I immediately dug out the one ticket, asked Cora for her ticket from the morning (on some hope we could show that we had paid for the morning ride) and also my money that was just 10 groszy less than what was needed for the ticket all to show that we had paid four hours earlier for the ride to the museum, that I had one ticket for us, and that I had honestly attempted to purchase another ticket but because the (stupid) machine didn’t accept bills, I wasn’t sure what to do. In my mind I was ready to explain how tired my daughter was, how her back hurt, etc. and play the mother role as to why we had continued on the streetcar despite only having one ticket.
As all this was going through my mind, I noticed that a man kitty corner from us on the train had immediately stood up and was heading to the door next to where we were sitting. I caught his eye, but his face revealed nothing. I believed he was also riding without a ticket. I hoped we were nearing a station and with that thought in mind, I ordered Cora to get up, and we stood by the door.
It still felt as though the car were moving too slowly, and I impatiently waited to see if a stop was coming. I did not turn around to see where the controller man in the white shirt was. I wanted to run off the car. Finally, finally, we stopped and suppressing the desire to shove the man in front of me out of our way, we innocently stepped out, my pounding heart hidden.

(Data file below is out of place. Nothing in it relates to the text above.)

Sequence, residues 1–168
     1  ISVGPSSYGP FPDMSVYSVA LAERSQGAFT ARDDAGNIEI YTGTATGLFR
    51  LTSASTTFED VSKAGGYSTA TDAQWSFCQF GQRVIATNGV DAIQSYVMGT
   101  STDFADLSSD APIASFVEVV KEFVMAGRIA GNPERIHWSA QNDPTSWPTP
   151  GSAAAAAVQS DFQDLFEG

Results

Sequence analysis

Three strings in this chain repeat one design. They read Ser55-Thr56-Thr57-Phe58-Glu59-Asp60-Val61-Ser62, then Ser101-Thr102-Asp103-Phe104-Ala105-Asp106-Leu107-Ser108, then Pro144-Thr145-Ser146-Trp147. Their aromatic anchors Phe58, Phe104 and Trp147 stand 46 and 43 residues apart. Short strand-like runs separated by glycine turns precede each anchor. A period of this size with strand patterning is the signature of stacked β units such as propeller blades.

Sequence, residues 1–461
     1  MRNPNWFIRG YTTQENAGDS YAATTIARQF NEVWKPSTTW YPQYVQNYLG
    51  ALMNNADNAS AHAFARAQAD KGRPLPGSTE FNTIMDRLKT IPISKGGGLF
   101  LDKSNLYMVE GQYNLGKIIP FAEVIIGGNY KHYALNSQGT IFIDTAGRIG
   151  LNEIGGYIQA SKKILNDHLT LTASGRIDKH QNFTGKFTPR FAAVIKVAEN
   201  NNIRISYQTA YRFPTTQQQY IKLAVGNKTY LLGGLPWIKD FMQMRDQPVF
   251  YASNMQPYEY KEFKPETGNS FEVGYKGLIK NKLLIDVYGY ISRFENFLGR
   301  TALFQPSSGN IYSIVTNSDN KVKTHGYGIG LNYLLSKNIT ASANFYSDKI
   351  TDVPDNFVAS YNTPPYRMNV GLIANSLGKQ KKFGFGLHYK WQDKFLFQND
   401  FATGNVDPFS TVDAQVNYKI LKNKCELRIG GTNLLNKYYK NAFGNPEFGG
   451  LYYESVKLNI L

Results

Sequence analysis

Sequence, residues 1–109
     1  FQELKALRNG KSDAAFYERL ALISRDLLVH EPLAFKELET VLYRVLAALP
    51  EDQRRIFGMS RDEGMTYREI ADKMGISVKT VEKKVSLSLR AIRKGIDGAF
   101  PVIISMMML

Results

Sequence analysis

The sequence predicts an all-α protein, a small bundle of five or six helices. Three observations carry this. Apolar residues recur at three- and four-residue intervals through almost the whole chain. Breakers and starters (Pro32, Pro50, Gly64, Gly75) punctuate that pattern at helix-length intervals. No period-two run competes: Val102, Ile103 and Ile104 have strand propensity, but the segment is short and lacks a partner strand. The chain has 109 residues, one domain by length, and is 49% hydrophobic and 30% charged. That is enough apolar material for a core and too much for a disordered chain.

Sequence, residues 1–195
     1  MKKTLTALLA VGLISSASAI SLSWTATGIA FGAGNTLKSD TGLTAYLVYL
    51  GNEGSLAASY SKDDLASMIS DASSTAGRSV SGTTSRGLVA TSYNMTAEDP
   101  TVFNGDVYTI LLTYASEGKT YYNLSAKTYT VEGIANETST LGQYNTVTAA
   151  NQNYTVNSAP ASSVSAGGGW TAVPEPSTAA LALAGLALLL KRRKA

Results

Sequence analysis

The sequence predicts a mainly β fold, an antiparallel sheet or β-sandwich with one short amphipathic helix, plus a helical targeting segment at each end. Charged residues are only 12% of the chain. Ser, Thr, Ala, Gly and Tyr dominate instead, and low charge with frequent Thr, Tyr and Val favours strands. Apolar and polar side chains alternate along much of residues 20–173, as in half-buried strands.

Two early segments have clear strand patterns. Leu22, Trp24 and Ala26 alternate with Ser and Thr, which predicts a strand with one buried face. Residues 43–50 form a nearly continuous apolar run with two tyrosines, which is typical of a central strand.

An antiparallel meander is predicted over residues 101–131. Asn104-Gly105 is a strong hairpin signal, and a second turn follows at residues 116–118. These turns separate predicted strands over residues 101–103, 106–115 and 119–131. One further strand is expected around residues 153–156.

I didn’t have any idea what the fine would have been had the controller not believed my story and taken my 2.70 zloty, but I just didn’t want to deal with it. We ended up getting out of the train just on the other side of the main square, so it was a nice walk through the square again (such a lively place!) back home to our hotel on the other side.
Almost ready to post this story, I read online various posts about how harsh and bullish the Polish public transportation controllers are, about a woman and child crying, about one family who was forced to pay 240 zloty on the spot. Since they did not have it, the controller, joined by another one, took their ID and escorted them to a cash machine. They were told they would be arrested if they weren’t able to produce the cash. It is uncertain whether the controller really would arrest a foreigner, but this man had also made a mistake by purchasing the tickets, but not stamping them (they need to be stamped to be valid).
With the adrenaline already rushing through my body and my fear and panic grossly exaggerated, that would have been hard to endure – and yet, I know I would have, though since my bank card only worked in one of five cash machines we found near the Krakow main square, it might have been very trying…
And as I end this post, it also occurs to me that although so many other situations have occurred similar to this one where the fear and anxiety I felt because of security or other authority figures (for example, going through airport security, getting caught recording a concert back in the day when they still tried to control that), it might not be the trauma from the past that spurred my body into panic mode. Perhaps it was a sixth sense I have which rightfully informed me of the upcoming great harrassment and trauma that we would experience if I did not get Cora and I off the bus as soon as I could. Who knows!